Like I said, the game has its faults. Much has been said about Planet Patrol’s collision detection. The game is not so much collision-faulty as it is collision-precise; you pretty much have to hit the red missiles head-on. Also, the mine fields are sometimes positioned in such a way that it is impossible to navigate a course through them. Still, Planet Patrol is an above-average effort for a Spectravideo game and it’s clear that the company put more effort than usual into its development. It’s not a must-have, but if you like side-scrolling shooters you could do far worse. C+
Plaque Attack (Activision, 1983)
Though known primarily for their Pitfall titles and the non-stop overhead military action of River Raid, Activision released their share of silly games as well, like Oink! and Spider Fighter. Just don’t compute “silly” with “not fun” because Plaque Attack is as fun as no-brainer arcade-style action gets.
You play a tube of toothpaste (how many modern Triple-A games can say that, huh?) defending a set of teeth from a bevy of goodies such as candy canes, ice cream, cheeseburgers, hot dogs, french fries, strawberries, cherries and donuts. The food groups approach the teeth slowly and predictably at first but eventually start moving in increasingly difficult patterns (I won’t say “unpredictable” patterns because like most Atari games you can usually figure these things out). You get a bonus tooth for every extra 2,000 points you score.
Plaque Attack looks gorgeous, with programmer Steve Cartwright going out of his way to make sure the foods look like what they’re supposed to look like (that might sound silly, but consider Megamania’s version of a hamburger from a couple of years before). The game turns into a very fast shooter with some twists – I really like the fact that you can save a tooth in the middle of an attack by blasting toothpaste at it. Plaque Attack does not have a lot of play depth, but that’s not what it’s there for. If you like fast arcade-style shoot-em-ups with a sense of humour, check it out. B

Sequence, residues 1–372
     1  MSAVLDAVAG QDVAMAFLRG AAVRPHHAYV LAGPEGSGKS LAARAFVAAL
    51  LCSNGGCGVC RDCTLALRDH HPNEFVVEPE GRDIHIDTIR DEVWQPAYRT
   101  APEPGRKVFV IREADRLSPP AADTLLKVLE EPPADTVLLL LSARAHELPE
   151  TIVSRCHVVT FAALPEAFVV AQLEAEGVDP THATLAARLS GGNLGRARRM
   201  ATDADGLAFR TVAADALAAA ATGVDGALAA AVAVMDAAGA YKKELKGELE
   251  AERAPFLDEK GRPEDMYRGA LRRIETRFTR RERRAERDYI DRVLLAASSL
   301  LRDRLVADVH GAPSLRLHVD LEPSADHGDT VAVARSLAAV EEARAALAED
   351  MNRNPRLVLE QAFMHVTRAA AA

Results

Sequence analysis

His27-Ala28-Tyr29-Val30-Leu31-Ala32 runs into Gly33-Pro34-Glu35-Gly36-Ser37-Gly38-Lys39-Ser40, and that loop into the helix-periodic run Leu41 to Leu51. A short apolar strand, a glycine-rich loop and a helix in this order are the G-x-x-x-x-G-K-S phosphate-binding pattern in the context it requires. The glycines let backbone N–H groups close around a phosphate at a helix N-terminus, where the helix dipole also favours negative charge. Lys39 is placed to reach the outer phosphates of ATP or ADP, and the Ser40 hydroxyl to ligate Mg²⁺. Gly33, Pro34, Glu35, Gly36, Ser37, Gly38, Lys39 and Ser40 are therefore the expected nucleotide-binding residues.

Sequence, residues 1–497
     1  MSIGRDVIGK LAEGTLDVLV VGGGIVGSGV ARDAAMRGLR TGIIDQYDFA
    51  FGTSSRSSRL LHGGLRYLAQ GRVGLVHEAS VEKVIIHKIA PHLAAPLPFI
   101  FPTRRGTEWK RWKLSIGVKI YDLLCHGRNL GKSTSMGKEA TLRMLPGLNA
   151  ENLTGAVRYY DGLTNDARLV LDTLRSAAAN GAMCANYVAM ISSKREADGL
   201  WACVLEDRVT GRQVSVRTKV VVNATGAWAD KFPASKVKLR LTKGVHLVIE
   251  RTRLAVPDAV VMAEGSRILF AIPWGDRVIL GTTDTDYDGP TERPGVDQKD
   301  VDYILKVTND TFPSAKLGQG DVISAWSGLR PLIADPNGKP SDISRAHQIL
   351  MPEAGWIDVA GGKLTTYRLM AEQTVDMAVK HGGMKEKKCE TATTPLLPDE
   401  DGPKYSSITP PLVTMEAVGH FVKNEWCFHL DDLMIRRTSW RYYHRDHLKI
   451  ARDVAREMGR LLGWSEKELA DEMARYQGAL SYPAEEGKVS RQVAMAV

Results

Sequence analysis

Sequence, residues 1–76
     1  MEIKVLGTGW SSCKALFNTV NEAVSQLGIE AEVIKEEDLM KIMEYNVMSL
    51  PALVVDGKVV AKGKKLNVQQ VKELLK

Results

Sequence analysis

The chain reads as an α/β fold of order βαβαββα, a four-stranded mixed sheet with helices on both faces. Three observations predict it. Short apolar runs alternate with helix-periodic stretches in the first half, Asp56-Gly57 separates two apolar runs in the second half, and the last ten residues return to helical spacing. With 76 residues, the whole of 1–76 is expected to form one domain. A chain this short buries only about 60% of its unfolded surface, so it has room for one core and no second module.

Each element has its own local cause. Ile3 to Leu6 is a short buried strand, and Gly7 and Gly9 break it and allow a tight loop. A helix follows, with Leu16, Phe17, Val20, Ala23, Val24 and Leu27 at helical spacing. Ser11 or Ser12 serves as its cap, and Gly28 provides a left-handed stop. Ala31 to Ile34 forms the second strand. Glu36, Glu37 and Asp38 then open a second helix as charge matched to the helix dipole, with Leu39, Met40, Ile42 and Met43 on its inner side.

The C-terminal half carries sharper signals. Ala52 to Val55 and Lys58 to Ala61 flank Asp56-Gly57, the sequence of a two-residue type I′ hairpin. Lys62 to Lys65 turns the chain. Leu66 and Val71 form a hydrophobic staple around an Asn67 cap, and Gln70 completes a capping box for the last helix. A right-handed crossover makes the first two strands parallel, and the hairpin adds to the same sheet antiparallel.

Pleiades (UA Limited Prototype, Developed 1983)
Although Pleiades never qualified as a classic in its arcade incarnation (probably because no one could pronounce its damn name), it’s gained a certain mystique for its reputation as the sequel to Phoenix – a claim that is only partly true. Although both games were released in North America by Centuri, Phoenix was developed by Taito while Pleiades was developed by Tecmo. Gameplay-wise, 2600 Pleiades is actually more similar to Gorf in that it is a collection of distinct mini-games of which only one resembles Phoenix.
Pleiades’ first screen recalls Galaga for the fact that the aliens dive in on you, although these guys are much more trigger-happy than those of the latter game. The 2600 adaptation skips the arcade version’s second screen – which is very much a Phoenix clone – but includes a take on the mothership battle from that game, complete with alien birds that must be hit head-on. The final screen is kind of a space relay race in which you must use your thrusters to reach the warp drive at the top without crashing. The only similar game I can think of is the awful Out of Control, but this is much better.
For a prototype Pleiades seems very complete. Perhaps its coolest feature is its game variations. Not only can you give yourself infinite lives by switching the left difficulty to “A” but there are three extra game variations focusing on each of the title’s three mini-games. These are very useful for practice as the default multi-screen game isn’t exactly kids’ stuff, at least after the initial level of difficulty.
Pleiades isn’t the greatest game in the world and certainly doesn’t come close to the majesty that is Phoenix, but it is a good little omnibus game. UA Limited only developed a handful of games and to the best of my knowledge never released any of them. However, they did a very good job with Pleiades, perhaps knowing how important it was to get their only medium-profile arcade adaptation right. C+
Pleiades can be purchased at the AtariAge Store.